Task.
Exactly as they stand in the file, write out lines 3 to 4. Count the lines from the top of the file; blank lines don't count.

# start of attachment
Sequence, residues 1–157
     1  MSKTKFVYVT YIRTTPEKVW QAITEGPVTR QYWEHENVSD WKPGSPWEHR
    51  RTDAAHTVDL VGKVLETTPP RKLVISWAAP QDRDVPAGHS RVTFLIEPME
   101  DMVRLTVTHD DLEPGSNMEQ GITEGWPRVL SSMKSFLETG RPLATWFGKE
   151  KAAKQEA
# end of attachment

    51  RTDAAHTVDL VGKVLETTPP RKLVISWAAP QDRDVPAGHS RVTFLIEPME
   101  DMVRLTVTHD DLEPGSNMEQ GITEGWPRVL SSMKSFLETG RPLATWFGKE